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Dropbox bug let users access accounts without a password

By Matthew
Jun 21, 2011
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  1. Dropbox yesterday announced the discovery of a bug that disabled the company's authentication mechanism. The flaw was introduced in a software update issued over the weekend and allowed accounts to…

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  2. TJGeezer

    TJGeezer TS Enthusiast Posts: 385   +10

    Innocent glitch with a competent investigation being conducted afterward? I find it forgivable. But it underscores why many companies shy away from the cloud despite all the promotion and hoopla. Same problem many companies have had with software as a remote service. Not that most companies are masters of security, but at least they do control their own firewalls, or try to.

    IIRC, Dropbox doesn't provide SSL connections or encrypted storage. Keeping sensitive data there doesn't make sense, though I do use Dropbox as a convenience all the time. It's fast, it's convenient and it's automatic. If I also want security, I'll store a small TrueCrypt virtual disk there. It's not so very difficult.
     
  3. Rick

    Rick TechSpot Staff Posts: 6,305   +52 Staff Member

    Dropbox does provide SSL connections and file encryption on the server as well. Maybe when the service was first introduced it didn't though, but it has for as long as I can remember (at least a couple of years ago).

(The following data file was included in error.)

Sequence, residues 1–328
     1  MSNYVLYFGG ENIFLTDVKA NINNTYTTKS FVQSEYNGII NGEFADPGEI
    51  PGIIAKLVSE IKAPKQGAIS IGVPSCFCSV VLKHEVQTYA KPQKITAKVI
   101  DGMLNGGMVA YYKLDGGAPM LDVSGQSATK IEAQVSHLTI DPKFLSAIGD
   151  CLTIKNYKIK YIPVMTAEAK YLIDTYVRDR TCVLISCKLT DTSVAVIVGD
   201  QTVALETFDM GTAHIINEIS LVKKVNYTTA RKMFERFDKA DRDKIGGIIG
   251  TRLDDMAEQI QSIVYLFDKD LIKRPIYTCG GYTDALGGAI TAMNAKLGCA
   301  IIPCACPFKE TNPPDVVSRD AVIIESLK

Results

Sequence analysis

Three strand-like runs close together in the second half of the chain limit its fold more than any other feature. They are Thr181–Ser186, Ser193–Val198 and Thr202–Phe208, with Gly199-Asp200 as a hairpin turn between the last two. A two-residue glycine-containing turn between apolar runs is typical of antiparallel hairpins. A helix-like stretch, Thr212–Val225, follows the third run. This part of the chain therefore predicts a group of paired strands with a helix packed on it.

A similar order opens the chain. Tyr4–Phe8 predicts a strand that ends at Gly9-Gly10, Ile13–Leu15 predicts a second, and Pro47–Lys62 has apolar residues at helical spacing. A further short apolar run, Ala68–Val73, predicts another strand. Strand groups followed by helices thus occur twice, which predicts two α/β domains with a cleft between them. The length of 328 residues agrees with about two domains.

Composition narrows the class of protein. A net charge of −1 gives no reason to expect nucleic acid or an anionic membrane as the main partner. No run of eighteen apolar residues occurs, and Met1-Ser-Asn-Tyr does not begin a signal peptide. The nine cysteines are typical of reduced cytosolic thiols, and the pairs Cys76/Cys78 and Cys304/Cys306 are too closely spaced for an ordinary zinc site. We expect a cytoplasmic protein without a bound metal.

However, I think we can all agree that you should NOT be putting sensitive data on Dropbox.
     
  4. This is the problem with "the cloud". If you want to keeps things secure keep them under your own supervision and/or keep them encrypted.
     
  5. Hey, TechSpot, it's time for another article telling how great DropBox is and how to use its features. Send them an e-mail. Maybe they will accept an offer to deal with.

    Like the previous time, when another security related problem of DropBox came up. Treat us like we're fools, again.
     
  6. Scott8090

    Scott8090 TS Rookie Posts: 49

    Gezz harse on companies much? No network is fully secure. A flaw always exists. Always a possiblily of a breach. With IT staffs understaffed and under budgeted it only adds to the problem. So what a slip up, their a company its going to happen sometime gezz. To not forgive a company security slip up only shows the lack of knowledge in regards to network security. Its not nice that it happened but its damn good Dropbox covered their users and their name. Look at sony anyone? All user names on both psn network and sonypictures.com were unencrpyted...now thats something to complain about.
     


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